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Project highlights homelessness risk for disabled people

An organisation which helps thousands of people at risk of homelessness has launched a new ‘front door’ project which aims to highlight the importance of having a home.

The Good Shepherd Centre provides emergency accommodation to between 30 and 40 people at any one time at its base centre in Kilkenny city.

It also has ‘forever home’ units on its grounds as well as hundreds of other units which provide long-term housing to families and single people in Laois, Tipperary, Carlow and Kilkenny.

One of the aims of the new project is to highlight how many disabled people and people with complex needs become homeless or are at risk of homelessness.

It involved the painting of the centre’s main front door in bright yellow in a collaboration between staff and residents.

“We recognise that people who reach that point desperately need to feel hope,” Good Shepherd CEO Noel Sherry said.

“We believe that our Front Door Project symbolises that hope. By painting the door a bright colour, it symbolises that sense of support and home for those in need,” he said.

He said that there is an existing housing crisis in this country but, when it comes to providing disabled people with an accessible home, “we are failing miserably”.

The front door of the Good Shepherd Centre was painted bright yellow to symbolise hope

The lack of housing for vulnerable people is forcing people to live in institutions, Mr Sherry said, or in settings that leave them without control over their own lives, with more services, supports and infrastructure needed.

“We have the power to do this across the country, with the right housing capital funding and health supports in place,” he said.

Kilkenny resident Monica McNamara is a member of a family of vulnerable people who found herself facing homelessness a few years ago when the landlord of their rented house had to sell.

She has three neurodivergent children.

“[It was] quite scary considering I have three kids on the spectrum and at the time there was very little available for us to rent, the waiting list for the council was huge,” she said.

The Good Shepherd Centre helped her in the short term, and, with the assistance of staff, she found a long-term home.

She said: “I know we would have ended up homeless because there wasn’t anywhere else we could have gone.

“We couldn’t have been put up in emergency accommodation either because I have three children, so it was a very scary position to find yourself in because you feel very helpless, and you don’t feel you have very many options.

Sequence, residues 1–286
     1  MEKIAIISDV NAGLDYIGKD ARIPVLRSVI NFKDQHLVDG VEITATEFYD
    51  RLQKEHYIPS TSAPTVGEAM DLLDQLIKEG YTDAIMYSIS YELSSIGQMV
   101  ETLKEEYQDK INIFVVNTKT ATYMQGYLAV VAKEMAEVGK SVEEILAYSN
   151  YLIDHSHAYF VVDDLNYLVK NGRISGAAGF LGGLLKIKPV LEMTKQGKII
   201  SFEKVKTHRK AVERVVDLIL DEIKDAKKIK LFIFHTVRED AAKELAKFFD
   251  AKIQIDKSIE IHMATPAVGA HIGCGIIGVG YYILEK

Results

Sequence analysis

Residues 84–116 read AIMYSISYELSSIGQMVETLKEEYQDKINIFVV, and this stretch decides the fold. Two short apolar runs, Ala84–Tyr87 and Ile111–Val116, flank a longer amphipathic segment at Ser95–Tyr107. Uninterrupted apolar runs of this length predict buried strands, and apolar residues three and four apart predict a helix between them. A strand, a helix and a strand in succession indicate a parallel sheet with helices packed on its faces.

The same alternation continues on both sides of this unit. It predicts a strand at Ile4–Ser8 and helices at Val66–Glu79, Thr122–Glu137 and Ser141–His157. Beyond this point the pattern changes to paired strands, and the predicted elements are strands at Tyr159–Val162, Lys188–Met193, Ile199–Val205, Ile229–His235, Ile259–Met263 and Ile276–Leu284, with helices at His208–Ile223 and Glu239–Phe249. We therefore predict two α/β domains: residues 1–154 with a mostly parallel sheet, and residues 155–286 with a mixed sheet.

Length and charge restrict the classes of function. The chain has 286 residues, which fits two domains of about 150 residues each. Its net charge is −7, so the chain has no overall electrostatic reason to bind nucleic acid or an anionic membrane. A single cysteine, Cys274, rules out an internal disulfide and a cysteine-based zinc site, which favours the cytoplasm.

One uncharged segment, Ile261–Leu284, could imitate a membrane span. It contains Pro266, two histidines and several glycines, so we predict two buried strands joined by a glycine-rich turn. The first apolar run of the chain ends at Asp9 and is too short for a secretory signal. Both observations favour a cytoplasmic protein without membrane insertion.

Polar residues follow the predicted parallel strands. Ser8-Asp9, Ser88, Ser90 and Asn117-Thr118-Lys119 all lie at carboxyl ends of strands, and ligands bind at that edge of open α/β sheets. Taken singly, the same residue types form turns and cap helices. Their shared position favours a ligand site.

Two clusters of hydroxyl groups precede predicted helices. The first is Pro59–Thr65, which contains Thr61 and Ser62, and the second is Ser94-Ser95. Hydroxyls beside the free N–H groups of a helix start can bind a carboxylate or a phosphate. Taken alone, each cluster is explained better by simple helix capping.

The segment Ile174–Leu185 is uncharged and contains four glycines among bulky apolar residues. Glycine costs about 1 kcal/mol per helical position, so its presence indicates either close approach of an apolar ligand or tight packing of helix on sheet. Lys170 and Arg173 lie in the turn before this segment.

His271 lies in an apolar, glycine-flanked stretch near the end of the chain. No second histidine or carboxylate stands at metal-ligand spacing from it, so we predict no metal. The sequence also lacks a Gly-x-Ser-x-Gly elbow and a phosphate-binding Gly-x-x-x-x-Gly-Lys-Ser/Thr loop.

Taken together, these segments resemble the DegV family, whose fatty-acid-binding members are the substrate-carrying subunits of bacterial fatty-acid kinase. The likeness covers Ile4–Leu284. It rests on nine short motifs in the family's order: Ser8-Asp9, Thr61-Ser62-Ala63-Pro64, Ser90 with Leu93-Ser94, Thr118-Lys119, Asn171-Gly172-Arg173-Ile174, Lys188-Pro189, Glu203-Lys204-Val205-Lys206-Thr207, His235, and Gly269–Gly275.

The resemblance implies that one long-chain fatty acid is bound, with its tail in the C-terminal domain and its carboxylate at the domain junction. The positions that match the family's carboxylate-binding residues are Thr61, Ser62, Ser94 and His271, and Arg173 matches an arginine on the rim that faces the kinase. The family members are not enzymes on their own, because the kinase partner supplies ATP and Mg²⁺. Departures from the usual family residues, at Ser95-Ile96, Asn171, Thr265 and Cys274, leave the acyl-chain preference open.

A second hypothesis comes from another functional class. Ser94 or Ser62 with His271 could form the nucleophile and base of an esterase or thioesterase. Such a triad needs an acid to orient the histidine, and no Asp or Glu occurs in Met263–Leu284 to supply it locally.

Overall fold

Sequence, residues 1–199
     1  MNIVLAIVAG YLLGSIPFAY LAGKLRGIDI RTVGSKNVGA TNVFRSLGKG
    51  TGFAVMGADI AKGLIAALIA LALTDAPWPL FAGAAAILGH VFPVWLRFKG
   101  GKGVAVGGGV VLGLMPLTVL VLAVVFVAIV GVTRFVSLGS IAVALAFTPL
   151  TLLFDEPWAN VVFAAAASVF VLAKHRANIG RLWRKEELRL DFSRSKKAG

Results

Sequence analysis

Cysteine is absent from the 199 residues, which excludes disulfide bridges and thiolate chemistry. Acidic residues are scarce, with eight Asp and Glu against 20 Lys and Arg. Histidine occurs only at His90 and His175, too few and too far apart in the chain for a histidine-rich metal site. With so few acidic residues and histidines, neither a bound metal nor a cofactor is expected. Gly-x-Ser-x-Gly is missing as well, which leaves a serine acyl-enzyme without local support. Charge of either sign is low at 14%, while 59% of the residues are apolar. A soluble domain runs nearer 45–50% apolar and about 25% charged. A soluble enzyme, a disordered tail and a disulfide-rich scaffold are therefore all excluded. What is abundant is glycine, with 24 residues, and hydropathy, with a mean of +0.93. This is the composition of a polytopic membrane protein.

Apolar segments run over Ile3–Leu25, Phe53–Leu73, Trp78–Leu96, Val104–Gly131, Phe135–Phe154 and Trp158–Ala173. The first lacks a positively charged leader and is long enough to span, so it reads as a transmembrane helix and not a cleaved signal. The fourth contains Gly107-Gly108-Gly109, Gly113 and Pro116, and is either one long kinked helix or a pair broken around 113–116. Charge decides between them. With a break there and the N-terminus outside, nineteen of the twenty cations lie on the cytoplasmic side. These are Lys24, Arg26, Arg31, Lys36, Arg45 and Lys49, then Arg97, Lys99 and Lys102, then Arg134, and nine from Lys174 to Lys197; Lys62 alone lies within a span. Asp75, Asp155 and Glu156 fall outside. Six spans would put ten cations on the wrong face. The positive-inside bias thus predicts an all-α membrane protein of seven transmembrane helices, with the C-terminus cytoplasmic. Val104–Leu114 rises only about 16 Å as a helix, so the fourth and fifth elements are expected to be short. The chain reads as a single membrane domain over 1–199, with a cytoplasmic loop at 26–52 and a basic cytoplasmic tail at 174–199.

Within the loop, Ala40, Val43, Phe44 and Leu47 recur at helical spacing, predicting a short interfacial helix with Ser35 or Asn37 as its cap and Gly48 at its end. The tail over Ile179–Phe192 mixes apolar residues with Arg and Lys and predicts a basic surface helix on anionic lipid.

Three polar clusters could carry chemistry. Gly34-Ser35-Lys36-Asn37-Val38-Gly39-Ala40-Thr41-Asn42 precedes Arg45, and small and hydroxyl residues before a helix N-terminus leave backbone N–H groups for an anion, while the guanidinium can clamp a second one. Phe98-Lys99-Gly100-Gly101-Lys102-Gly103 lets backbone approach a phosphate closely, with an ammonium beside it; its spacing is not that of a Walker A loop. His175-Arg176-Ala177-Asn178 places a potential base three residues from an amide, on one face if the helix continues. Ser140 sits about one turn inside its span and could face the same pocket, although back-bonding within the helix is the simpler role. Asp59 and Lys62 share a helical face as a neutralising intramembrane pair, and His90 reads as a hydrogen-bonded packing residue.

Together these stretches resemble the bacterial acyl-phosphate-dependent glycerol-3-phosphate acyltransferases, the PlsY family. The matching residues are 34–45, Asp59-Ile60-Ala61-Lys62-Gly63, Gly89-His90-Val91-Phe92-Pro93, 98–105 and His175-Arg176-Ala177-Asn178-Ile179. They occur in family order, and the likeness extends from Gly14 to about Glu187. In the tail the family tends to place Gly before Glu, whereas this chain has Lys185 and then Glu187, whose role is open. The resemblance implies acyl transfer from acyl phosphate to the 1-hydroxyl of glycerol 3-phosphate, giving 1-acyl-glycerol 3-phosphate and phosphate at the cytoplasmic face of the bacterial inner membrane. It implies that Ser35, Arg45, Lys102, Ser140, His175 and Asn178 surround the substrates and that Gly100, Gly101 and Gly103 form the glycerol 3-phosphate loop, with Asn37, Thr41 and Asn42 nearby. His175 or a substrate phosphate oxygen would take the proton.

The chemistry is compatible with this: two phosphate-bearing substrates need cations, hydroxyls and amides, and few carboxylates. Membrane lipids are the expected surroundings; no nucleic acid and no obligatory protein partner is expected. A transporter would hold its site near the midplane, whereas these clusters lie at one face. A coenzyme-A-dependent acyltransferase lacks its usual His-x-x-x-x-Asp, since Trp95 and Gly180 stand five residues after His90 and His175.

“When you discover how little is around, you get very, very nervous because there was a very high risk that we would have had nowhere to go.”

Her children, as with many, “need structure and routine,” in their home lives, she explained.

“You try and minimise, obviously, for your kids, the amount you have to move. You’re not just thinking about yourself and what you have to manage and cope with, you’re thinking about them as well because they’re your priority,” Ms McNamara said.

That situation can happen to “absolutely anybody,” she added.

Monica McNamara faced homelessness a few years ago

Regional manager with the Good Shepherd Centre Catherine White said that approaching the front door of such a place can be a difficult time.

“They’re at rock bottom,” when they get to that point, she said.

“We wanted to give the door a bit of an uplift and make it look more hopeful and inviting for people coming into the service,” Ms White said.

Part of the purpose of the painting was to draw attention to their campaign to highlight the difficulties faced by disabled and other vulnerable people, she added.

Ms White said that one in four who present themselves as homeless have disabilities.

She said: “It’s not just the misconception of those with addition, there’s people with mental health, the elderly are being affected, and obviously families are really struggling as well, so it’s to acknowledge that and let people know this is what’s happening, it’s all walks of life that are being affected,” she said.

However, there is hope, Ms White said.

“You might be hopeless when you get to that door but when you come in, we’re going to help support you, we’re going to help rebuild your life through working together on a care plan, addressing addiction, mental health, getting services such as disability to come on board.

“It’s about housing and health working together and I suppose rebuilding and giving them the skills and tools to move on and not return to homeless services and finding their forever home, that’s the aim,” she said.


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